Thursday, October 11, 2012

Recent Lessons

Abbreviated notes from important lessons in the past few months -
Lesson 1:  Creating space for contemplation and self-/shared-healing strengthens justice work.  
People struggling on the front line around issues of justice; people vigilantly working to stop harmful practices of institutions, corporations, other people, etc.; people whose lives are organized around simply putting food on the table, a roof over their heads, and a safe environment for children; people who do not stop until every ounce of energy has been shifted from them to other places...these people often do not take time to rest, to create space for their own healing, to reflect upon vision, purpose, successes, lessons, and mistakes.  And the mere thought of doing so is foreign, something for someone else, something that time and circumstances don't permit.  Yet not only is it possible to carve out space - there are many ways to do so - but it is necessary.  How many of our front line warriors are weakened or suffer from debilitating illnesses accelerated by stress?  Far too many.  Possible solutions: 


  1. Carve time each day to meditate. Stilling one's body and mind for 5, 10, 30 minutes for more each day has made a tremendous impact on people's lives and work. Identifying a time and place to sit each day supports this practice. A wise teacher once said that just as putting a toothbrush and toothpaste in the same, easily accessible place in the restroom makes tooth brushing easy to remember; creating the meditation space and designating the time makes meditation practice easy to remember.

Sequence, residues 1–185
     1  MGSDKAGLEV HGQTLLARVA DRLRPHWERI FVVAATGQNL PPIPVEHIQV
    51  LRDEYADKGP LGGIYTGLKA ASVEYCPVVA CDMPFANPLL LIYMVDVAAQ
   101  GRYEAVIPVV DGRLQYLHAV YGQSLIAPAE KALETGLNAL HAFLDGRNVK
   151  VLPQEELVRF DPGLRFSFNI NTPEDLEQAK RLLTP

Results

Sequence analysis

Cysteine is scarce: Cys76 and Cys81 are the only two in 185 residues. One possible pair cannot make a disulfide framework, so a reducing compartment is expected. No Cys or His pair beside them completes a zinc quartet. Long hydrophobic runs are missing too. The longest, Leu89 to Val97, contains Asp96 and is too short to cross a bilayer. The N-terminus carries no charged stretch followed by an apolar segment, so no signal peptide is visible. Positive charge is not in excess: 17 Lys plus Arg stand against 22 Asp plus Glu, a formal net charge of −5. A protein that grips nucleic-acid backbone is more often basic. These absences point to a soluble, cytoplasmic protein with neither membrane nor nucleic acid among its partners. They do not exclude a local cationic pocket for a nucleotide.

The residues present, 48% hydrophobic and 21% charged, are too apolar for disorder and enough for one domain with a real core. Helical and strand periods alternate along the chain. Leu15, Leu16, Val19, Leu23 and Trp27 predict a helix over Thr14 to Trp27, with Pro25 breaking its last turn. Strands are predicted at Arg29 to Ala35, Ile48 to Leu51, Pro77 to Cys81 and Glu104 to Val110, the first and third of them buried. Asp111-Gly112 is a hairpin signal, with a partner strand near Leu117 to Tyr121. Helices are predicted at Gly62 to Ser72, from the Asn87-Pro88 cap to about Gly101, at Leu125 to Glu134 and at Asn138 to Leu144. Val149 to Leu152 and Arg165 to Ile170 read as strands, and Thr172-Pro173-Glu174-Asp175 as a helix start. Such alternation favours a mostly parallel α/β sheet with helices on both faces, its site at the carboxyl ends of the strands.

2. Engage in healing/meditation with others.  Setting up time once a week/month or based on some other time frame to practice healing and/or meditation with others creates a community of people to support one another's activism AND well-being. 

Lesson 2:  It is important to root theory in practice.
Theory is summarized practice.  Theory not rooted in practice provides the content for fables.  There is tremendous value in conducting research, synthesizing data and drawing conclusions that lead toward deeper understanding of processes, systems, history, etc. However when not rooted in the communities, populations, movements, etc. about which it draws conclusions - in other words, if it does not reflect reality -  research remains at the level of abstraction and is disconnected from material reality.  Thus, people interested in deepening their understanding of reality, must live in it, work in it, be in it.  

There have been many more lessons, however i need time to reflect upon them before sharing.  The fall is a great time for evaluating the past (near or distant), sitting with the present as it is changing, and envisioning a meaningful winter period of contemplation and quiet.  All the best to you who have read this. 

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